If f(x) = x2 – 1 and g(x) = 2x – 3, what is the domain of (f*g)(x)

- anonymous

If f(x) = x2 – 1 and g(x) = 2x – 3, what is the domain of (f*g)(x)

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- SolomonZelman

you are multiplying a polynomial times another polynomial.
This will give you a polynomial as well.

- anonymous

ok

- SolomonZelman

You know what polynomial is, correct?

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## More answers

- anonymous

yes

- SolomonZelman

Ok, will you agree with me (if you don't understand why it is so, then ask! but will you agree) that a polynomial is DEFINED for ALL values of x?

- anonymous

why is it so? haha

- SolomonZelman

Ok, i will post a percise and short definition of a polynomial.
"Polynomial" is a function that can have the terms of:
1) Constants (some real numbers)
2) x raised to a power of 1, 2, 3 and on (but the power has to be a whole number)
(and the terms can have any real coefficients)

- SolomonZelman

i will do some examples

- anonymous

ok

- SolomonZelman

polynomials. examples.
y=0
y=-45
y=√3
(or any function y=c where c is a constant)
y=-4x
y=3x+2
y=x-9
(or any function in a form of y=mx or y=mx+b)
y=3x²
y=-5x²+9
y=x²+8
y=x²-7x-7
and so on....

- anonymous

ok im pretty sure i get it

- SolomonZelman

it (a polynomial) terms can be made up and can consist of any terms as long as the terms have x^(whole number)
and other real numbers
ok got the definition

- anonymous

ok

- SolomonZelman

So, really try to think of any polynomial that can have an UNDEFINED X-VALUE.
what I mean by "UNDEFINED X-VALUE" is that if you plug this value for x into the function, then you will get an undefined/indeterminate output for y
in polynomials this "UNDEFINED X-VALUE" never exists

- anonymous

okay

- SolomonZelman

Because if your x's have only whole number powers such as: x\(^1\), x\(^2\), x\(^3\), x\(^4\) then you will get a valid result NO MATTER WHAT you plug in for x.

- anonymous

okay makes sense

- SolomonZelman

now agin, when you multiply two functions where both of these functions are polynomials (i.e. whole number powers of x like 1, 2, 3 and on with or without constants)
then you get after multiplying these two (or any number of) polynomial functions
- you will get - a polynomial function (whole number powers of x like 1, 2, 3 and on with or without constants)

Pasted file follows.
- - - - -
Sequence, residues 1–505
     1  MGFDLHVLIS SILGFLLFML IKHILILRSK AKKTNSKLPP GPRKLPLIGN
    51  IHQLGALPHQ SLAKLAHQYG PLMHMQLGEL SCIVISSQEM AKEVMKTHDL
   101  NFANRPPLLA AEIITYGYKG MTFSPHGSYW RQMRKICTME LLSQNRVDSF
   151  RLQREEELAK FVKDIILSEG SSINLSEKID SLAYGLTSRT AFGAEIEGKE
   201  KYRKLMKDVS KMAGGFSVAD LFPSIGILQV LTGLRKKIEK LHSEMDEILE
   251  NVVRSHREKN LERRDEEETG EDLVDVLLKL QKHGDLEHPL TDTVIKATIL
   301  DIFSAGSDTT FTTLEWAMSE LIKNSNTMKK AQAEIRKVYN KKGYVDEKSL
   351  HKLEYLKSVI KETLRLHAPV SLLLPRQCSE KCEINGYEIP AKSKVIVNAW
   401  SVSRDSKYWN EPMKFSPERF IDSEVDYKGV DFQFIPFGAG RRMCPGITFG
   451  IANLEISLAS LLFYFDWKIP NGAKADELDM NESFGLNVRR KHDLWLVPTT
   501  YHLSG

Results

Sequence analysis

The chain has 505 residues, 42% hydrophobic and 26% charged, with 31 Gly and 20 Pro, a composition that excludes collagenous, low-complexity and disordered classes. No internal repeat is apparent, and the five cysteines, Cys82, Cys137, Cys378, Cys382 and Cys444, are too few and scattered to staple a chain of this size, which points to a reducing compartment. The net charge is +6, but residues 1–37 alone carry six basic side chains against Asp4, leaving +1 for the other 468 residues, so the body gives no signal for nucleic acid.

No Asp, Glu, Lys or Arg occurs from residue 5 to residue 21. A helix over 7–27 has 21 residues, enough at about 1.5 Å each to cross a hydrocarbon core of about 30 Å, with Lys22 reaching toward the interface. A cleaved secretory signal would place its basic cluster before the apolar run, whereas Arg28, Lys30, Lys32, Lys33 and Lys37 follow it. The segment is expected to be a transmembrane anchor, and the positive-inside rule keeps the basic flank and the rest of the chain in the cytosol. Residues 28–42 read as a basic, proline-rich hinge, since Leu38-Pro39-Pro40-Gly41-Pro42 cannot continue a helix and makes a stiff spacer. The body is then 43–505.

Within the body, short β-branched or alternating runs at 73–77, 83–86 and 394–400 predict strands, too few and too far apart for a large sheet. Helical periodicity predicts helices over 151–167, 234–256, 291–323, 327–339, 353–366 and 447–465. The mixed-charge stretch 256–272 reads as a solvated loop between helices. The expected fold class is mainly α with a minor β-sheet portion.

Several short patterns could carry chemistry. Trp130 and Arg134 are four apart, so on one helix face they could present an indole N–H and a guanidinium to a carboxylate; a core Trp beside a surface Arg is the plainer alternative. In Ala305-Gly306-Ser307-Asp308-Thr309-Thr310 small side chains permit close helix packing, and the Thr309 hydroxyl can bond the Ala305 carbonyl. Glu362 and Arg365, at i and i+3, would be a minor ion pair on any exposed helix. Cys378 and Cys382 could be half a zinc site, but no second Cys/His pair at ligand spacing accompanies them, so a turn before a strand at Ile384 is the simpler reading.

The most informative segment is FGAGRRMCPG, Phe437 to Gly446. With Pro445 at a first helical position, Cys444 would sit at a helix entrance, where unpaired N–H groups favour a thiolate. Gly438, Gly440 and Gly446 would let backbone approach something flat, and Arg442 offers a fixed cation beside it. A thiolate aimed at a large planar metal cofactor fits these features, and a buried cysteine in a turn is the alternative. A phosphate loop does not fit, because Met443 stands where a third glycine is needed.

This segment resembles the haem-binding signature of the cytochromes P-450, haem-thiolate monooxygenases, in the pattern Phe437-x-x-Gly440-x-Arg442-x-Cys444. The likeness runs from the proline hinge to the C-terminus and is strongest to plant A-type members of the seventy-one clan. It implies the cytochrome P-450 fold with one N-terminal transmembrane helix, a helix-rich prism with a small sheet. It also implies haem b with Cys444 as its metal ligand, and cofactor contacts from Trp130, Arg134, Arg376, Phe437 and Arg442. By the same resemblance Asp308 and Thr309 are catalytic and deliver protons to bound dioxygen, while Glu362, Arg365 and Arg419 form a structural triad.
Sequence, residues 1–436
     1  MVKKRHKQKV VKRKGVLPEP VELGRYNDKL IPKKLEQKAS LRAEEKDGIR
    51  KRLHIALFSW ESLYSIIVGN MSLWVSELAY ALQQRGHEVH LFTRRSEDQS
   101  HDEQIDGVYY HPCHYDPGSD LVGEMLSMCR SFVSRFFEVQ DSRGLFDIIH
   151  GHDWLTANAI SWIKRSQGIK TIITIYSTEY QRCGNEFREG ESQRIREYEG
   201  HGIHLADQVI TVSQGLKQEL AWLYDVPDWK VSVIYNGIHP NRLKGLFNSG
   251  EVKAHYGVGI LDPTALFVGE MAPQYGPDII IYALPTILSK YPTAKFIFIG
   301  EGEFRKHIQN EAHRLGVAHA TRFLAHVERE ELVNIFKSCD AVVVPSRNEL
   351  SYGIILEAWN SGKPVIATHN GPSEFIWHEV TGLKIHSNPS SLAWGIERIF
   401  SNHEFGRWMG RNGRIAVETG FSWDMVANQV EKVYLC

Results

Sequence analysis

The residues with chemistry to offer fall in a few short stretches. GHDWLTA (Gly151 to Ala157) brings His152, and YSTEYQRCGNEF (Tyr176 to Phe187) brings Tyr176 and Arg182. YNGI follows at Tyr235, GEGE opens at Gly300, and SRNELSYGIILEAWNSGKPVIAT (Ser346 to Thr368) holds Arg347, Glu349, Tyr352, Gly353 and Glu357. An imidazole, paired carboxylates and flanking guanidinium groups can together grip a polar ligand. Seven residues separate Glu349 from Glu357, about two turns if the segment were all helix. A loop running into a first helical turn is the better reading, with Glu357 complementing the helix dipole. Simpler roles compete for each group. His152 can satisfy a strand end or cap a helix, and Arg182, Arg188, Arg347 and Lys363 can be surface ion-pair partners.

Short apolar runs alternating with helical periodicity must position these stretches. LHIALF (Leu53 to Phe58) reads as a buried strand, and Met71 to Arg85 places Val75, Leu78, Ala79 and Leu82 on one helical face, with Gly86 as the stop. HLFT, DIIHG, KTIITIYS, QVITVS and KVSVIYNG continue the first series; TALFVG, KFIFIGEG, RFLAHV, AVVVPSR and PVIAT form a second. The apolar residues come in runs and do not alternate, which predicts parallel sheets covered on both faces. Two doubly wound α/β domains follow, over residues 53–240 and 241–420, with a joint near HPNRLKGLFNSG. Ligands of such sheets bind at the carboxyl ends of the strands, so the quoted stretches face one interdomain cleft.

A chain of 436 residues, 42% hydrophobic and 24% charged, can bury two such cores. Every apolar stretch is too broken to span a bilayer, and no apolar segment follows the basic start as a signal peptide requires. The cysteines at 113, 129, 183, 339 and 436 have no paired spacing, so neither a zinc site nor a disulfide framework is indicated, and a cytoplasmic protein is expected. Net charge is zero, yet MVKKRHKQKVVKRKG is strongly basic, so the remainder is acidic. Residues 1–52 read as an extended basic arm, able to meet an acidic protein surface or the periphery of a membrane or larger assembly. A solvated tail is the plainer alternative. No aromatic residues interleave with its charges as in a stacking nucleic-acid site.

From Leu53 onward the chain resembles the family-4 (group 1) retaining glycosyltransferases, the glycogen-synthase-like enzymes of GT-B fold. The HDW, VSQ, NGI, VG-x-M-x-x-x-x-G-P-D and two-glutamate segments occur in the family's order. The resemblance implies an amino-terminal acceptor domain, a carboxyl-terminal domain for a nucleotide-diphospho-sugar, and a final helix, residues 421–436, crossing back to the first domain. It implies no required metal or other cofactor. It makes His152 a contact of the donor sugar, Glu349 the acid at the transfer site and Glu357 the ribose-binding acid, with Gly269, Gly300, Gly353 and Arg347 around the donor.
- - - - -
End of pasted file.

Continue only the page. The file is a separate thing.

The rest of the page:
- anonymous

ok

- SolomonZelman

polynomial • polynomial = polynomial
it is good to remember, even if you don't fully comprehend the deepness behind it (you will get it at some time)

- SolomonZelman

now, if your function
f(x)=x²-1
and
g(x)=2x-3
polynomial?

- SolomonZelman

are the polynomials?

- anonymous

yes

- anonymous

they are

- SolomonZelman

so the product of them (when you multiply f • g) will also give you a what?

- anonymous

polynomial

- SolomonZelman

yes.

- SolomonZelman

And again, ANY POLYNOMIAL has a domain of ALL VALUES OF X.
(in interval notation: Domain: (-∞, +∞) )

- SolomonZelman

So will what be the domain of your new function be?
(we know your new function is going to be a polynomial -as we said b4)

- SolomonZelman

if you got questions, you can always ask ....

- anonymous

im following as of right now :)

- SolomonZelman

we know your function is a polynomial (correct?)
So can you give me the domain of your new function, or not yet?

- anonymous

(-∞, +∞)?

- SolomonZelman

yes

- SolomonZelman

the ∞ (or +∞) symbol means infinity
and -∞ means negative infinity --> (same stength but going the negative way)

- anonymous

okay i remember that one

- SolomonZelman

(-∞, +∞)
means from negative infinity to positive infinity
and that is: every single number that there can possible be

- anonymous

i wish you were my math teacher haha

- SolomonZelman

that is the domain of your new polynomail function, or of any polynomial function.....

- SolomonZelman

i am just some 19 yrs old dude....

- anonymous

YOUR ONLY 19!!!!

- SolomonZelman

Math is just something I like:)
In any case, do you have questions regarding this question?

- anonymous

nope i got it :) ty so much

- SolomonZelman

k, yw

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